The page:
Recent trends in the market show that there is an increase in the production of the local chillies and that they are available during the winter. In the past, seeing local chillies available during the winter was a rare and expensive sight.
A housewife, Dema Zangmo, said, “Typically, Bhutanese chilies were quite scarce and pricey throughout the winter. When not in season, I used to pay Nu 600 to Nu 700 per kg for the chillies, but last year I only paid Nu 200 to Nu 300 per kg.”
She acknowledged that although the cost is fairly high, as compared to the cost of chillies in season, it has decreased in recent years due to the availability of local chillies in the winter.
Similarly, Kinzang Choden, a vegetable vendor said, “Yes, there is an increase in the availability of Bhutanese chillies over the years because of which there is fierce competition among the vegetable vendors to sell the chillies.”
She claimed that despite the high off-season rates, “Customers have high standards for chillies. Although Indian large chillies are readily available, many Bhutanese choose not to purchase them because they believe the spice level is insufficient.”
As per the last 10 years consumption pattern from the Department of Agriculture, on an average each person consumes about 41 grams of chillies per day which comes to around 16-17 kgs per person per year.
Tshetrim, one of the officials from the Ministry of Agriculture and Livestock, said, “The production as compared to the past years was on an increasing trend.”
“In the past, there was a huge production gap in the winter (no chilies from December to March), but over the years with technical support, these production gaps have been reduced. Now, production is available throughout the season, with minimal production during the winter months,” he added.
Upon asking the ministry what efforts were being made to see an increase in the production of chillies in Bhutan, the ministry responded by saying that the farmers were being trained on improved methods of seedling raising so that they could have enough disease-free seedlings for early planting.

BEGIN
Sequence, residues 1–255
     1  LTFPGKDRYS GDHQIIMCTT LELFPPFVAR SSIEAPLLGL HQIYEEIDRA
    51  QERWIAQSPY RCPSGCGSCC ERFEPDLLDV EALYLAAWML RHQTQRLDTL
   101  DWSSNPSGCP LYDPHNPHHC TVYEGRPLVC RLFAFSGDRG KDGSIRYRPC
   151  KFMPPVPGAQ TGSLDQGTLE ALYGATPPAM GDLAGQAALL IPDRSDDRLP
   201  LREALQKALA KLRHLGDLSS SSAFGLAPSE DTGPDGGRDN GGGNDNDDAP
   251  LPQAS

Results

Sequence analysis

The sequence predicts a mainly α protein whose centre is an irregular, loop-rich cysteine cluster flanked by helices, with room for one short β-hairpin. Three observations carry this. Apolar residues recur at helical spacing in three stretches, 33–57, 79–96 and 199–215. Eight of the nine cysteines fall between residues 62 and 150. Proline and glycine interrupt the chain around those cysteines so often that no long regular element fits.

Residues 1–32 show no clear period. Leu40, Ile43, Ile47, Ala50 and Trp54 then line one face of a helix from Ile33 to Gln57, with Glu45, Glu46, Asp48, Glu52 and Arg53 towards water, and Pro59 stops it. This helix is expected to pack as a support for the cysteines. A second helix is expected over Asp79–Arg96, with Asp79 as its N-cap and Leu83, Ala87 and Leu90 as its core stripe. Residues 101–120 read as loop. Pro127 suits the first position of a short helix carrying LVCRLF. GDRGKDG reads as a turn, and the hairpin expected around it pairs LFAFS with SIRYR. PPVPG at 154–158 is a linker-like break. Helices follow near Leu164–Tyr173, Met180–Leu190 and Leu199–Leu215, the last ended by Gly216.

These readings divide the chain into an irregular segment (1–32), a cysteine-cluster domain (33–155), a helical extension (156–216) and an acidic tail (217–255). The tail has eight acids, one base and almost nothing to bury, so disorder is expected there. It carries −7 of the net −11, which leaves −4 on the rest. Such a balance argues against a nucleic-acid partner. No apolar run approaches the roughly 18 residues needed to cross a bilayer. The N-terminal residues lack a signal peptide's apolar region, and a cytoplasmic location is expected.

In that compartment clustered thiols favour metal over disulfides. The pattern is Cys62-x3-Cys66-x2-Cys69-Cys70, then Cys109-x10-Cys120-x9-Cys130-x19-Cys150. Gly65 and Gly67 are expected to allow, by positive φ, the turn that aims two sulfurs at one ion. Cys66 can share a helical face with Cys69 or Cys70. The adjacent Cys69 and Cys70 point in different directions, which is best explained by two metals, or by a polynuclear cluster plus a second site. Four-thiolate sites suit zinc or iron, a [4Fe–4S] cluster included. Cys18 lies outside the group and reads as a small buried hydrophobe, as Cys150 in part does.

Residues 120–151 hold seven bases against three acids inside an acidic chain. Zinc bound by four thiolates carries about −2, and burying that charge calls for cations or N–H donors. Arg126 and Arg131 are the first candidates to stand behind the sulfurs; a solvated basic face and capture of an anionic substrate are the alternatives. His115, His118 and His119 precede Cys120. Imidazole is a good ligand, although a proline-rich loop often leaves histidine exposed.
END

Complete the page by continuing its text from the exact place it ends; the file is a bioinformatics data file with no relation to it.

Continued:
Farmers are advised to plant chilli early in the lower belt of the country (latest by September) so that the plants start fruiting by October and harvest can be made by the end of November.
Two exotic cold-tolerant hybrid chilli varieties have been released in the dzongkhags. Gradual promotion of rain shelters to protect winter chilli from post-monsoon rain damage was also done.
Although there is an increasing trend in the production of chillies, the ministry said that reaching chilli sufficiency will take time as the climatic conditions in the country do not favor winter chilli production unless huge investment is made towards protected cultivation.
However, grossly it can be self-sufficient with huge production in summer months, and it would be difficult in winter.
In the summer, we have mostly local varieties like Sha Ema, Tamcho local paro, Begup, Mongarpa, and Nubi.
In winter, mostly hybrids are available: SHP 4884 and SV 2319H (existing), Sitara Gold and HPH 1069 (newly introduced).
In the coming years, the Ministry of Agriculture and Livestock is planning to enhance the production of chilies.
Tshetrim official from the ministry said, “We are focusing on enhancing the production of chillies by investing in protected cultivation as well as potential area expansion. Simultaneously, cold-tolerant chilli varieties are being promoted. We are also requesting the dzongkhags and marketing departments to explore regional markets through the use of aggregators (middlemen) to reach more markets.”